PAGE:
Mayoral candidates pose questions to one another at debate

In a twist on the typical debate format, Minneapolis mayoral candidates got a chance to pose questions to one another at a forum sponsored by the League of Women Voters of Minneapolis at the Central Library on Wednesday.

The questions came at the end of the hour-long forum and elicited some interesting, heated and funny responses from the candidates. Mayoral candidates Betsy Hodges and Mark Andrew, two DFLers that have been big rivals throughout the campaign season, also got a chance to exchange questions.

Here’s a recap of the questions and candidates’ responses: 

Former City Council President Jackie Cherryhomes asked Park Board Commissioner Bob Fine the following: “What is the one skill that differentiates you and makes you most capable of being mayor?”

Fine’s response: “The theme of my campaign has always been that I’ve been a steward of the park system. You know there are differences between the way [the city and Park Board] operate, but we have the same inflationary pressures including in health insurance and a lot of our operating expenses. So I think I bring that great item in terms of the efficiencies we’ve done, as well as the great services and understanding what the public wants. I can bring that to city government.”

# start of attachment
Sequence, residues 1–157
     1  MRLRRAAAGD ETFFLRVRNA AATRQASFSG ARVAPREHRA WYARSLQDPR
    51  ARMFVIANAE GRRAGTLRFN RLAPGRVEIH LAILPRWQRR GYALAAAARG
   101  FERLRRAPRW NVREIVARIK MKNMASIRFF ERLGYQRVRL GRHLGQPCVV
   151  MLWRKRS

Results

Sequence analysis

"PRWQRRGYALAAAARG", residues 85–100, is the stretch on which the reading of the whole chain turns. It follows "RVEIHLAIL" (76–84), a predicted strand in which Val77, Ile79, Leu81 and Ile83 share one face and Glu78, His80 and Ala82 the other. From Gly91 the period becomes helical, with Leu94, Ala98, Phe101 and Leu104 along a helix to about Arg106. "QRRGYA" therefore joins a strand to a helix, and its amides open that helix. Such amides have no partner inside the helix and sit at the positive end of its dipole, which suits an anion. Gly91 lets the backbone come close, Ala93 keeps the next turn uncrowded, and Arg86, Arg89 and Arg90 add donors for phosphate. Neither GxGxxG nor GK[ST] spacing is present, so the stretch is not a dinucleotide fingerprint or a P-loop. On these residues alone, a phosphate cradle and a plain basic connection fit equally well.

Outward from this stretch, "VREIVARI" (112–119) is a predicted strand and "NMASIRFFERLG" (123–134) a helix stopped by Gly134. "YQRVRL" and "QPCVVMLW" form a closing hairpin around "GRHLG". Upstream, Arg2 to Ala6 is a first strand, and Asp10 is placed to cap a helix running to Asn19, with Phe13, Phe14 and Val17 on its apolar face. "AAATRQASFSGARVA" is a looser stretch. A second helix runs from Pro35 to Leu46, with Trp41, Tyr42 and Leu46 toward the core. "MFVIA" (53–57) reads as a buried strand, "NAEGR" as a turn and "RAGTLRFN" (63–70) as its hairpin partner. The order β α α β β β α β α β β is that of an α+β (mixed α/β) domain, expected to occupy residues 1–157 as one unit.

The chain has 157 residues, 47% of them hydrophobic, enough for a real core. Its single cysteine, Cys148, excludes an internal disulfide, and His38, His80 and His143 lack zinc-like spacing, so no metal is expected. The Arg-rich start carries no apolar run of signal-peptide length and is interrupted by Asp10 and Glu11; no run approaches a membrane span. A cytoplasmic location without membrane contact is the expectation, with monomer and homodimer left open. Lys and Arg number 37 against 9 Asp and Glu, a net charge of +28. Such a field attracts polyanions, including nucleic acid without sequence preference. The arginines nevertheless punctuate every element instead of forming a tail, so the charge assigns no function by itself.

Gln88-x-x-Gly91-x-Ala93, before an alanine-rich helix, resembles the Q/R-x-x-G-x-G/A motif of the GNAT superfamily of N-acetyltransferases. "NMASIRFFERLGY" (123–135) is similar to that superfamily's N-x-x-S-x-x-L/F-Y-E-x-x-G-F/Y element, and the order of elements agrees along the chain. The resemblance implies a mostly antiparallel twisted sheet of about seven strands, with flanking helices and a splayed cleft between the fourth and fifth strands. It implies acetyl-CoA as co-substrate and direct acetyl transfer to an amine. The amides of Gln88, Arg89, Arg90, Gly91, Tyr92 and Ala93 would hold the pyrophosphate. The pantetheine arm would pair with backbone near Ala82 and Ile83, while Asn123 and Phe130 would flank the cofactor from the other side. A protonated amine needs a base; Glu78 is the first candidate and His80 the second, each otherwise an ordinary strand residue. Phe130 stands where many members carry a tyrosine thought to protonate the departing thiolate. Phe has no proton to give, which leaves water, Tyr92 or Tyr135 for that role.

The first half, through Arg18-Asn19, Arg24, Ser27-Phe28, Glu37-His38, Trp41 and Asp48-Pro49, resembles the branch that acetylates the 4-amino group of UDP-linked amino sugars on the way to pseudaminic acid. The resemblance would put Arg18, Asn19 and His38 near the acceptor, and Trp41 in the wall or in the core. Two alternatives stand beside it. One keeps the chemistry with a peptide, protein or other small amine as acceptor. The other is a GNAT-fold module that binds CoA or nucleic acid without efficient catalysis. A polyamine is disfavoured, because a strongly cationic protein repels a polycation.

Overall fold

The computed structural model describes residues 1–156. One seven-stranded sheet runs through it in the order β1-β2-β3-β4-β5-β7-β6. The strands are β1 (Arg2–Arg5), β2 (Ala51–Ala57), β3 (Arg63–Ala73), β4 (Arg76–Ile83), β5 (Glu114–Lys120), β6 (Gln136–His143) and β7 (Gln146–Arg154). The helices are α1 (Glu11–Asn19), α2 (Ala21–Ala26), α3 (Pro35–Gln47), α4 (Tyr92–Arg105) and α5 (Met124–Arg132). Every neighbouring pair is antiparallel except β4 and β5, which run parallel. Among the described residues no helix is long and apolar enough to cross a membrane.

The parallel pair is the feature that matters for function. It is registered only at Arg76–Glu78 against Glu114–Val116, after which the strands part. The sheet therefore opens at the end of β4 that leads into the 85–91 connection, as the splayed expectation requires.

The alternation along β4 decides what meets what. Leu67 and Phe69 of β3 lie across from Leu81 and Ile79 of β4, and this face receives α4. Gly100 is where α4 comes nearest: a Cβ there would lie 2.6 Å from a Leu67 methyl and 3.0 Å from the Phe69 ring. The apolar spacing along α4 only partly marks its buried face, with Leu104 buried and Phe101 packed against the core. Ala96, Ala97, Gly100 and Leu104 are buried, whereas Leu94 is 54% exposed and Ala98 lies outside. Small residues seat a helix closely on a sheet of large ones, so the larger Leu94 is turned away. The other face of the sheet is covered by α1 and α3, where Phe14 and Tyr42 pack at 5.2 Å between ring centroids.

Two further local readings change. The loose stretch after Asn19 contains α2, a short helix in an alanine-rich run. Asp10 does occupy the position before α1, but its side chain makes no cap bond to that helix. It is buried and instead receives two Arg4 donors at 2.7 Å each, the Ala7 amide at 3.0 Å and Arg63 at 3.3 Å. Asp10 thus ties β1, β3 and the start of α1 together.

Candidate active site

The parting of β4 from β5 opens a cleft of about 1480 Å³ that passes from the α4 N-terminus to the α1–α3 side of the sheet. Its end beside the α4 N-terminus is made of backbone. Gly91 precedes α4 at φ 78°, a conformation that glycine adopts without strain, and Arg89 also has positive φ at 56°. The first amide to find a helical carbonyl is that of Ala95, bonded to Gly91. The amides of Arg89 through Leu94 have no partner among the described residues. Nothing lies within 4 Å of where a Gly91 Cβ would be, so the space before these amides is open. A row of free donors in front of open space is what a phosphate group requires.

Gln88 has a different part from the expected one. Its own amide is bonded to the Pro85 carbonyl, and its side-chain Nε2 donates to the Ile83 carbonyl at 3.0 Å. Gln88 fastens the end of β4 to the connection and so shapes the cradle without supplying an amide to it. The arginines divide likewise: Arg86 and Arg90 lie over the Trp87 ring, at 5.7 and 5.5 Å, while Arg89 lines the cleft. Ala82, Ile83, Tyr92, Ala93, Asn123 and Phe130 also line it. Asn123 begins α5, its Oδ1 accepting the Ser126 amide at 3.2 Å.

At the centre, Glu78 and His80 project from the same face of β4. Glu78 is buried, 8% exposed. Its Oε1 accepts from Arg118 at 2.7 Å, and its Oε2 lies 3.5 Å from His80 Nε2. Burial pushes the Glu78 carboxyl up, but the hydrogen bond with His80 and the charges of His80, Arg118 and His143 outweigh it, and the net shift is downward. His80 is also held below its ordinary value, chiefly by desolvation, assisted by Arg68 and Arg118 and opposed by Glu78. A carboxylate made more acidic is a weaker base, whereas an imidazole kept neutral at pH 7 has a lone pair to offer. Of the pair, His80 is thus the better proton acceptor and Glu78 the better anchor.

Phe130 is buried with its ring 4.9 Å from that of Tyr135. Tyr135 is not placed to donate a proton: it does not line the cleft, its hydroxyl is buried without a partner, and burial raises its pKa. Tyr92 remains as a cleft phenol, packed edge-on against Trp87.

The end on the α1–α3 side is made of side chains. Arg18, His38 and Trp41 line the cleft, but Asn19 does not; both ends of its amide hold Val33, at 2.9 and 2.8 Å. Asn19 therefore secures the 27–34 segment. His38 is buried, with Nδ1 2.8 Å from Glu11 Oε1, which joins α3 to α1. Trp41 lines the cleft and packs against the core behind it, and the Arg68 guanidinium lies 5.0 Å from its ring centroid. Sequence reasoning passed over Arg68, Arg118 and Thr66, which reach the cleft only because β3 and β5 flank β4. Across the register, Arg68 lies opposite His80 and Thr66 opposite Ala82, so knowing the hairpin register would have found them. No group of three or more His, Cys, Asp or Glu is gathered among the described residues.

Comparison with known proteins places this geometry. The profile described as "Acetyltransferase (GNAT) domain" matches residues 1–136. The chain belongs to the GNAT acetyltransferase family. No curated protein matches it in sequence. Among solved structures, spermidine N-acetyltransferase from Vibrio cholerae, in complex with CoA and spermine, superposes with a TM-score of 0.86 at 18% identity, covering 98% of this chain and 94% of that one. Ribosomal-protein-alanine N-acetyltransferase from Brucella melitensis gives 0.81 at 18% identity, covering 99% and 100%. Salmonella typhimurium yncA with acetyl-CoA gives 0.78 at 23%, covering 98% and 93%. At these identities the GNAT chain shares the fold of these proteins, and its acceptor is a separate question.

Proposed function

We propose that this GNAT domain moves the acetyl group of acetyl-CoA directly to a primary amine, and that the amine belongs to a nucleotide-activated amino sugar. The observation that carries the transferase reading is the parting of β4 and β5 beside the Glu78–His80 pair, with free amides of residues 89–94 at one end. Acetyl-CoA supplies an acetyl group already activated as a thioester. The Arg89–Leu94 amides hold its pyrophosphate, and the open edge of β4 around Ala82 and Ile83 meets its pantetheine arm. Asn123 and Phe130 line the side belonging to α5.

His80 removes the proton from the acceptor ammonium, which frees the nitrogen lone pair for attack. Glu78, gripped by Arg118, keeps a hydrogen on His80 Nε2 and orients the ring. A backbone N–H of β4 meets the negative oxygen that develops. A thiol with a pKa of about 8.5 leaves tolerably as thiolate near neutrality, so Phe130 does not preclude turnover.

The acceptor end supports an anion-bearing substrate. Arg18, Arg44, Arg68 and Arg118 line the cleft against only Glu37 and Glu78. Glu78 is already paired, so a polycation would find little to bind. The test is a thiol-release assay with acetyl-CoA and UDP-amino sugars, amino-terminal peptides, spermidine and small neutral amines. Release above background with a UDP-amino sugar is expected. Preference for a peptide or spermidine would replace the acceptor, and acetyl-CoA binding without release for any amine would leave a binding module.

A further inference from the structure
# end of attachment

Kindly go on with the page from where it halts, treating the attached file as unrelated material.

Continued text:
City Council Member Hodges got a chance to ask Andrew, a former Hennepin County commissioner, about an infamous quote on the campaign trail that came during a labor forum in August. 

“So Mark, you once said I have the ‘disease of a small vision’ for supporting a private plan to fund a 1,000-room hotel around the Convention Center rather than a city subsidy for a corporation for one hotel,” Hodges said. “Can you please explain why you support a subsidy for a Convention Center hotel?

Andrew: “First, to provide a little context, the comment about ‘the vision’ was in a broader context. The commentary about the Convention Center hotel had to do with our obligation and the new mayor’s obligation to attract people to come to our city and to fill up our hotel rooms. … It’s part of an overall strategy that I am deeply interested in and I’m going to pursue very aggressively to brand our city as some place that is more attractive for convention and tourism business. … Our bigger plan has got to be to make sure that we have the facilities and the resources to provide a welcoming environment for these people to come and be with us.”

 Fine asked City Council Member Don Samuels about how he intends to work with the Park System and how he would use his veto power.